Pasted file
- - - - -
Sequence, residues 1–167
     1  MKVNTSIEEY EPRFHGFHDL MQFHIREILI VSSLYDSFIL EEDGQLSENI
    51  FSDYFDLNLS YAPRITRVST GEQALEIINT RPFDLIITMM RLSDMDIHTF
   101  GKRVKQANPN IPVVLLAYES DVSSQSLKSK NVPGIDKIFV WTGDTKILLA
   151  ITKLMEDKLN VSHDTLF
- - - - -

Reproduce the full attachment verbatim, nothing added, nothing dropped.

Sequence, residues 1–167
     1  MKVNTSIEEY EPRFHGFHDL MQFHIREILI VSSLYDSFIL EEDGQLSENI
    51  FSDYFDLNLS YAPRITRVST GEQALEIINT RPFDLIITMM RLSDMDIHTF
   101  GKRVKQANPN IPVVLLAYES DVSSQSLKSK NVPGIDKIFV WTGDTKILLA
   151  ITKLMEDKLN VSHDTLF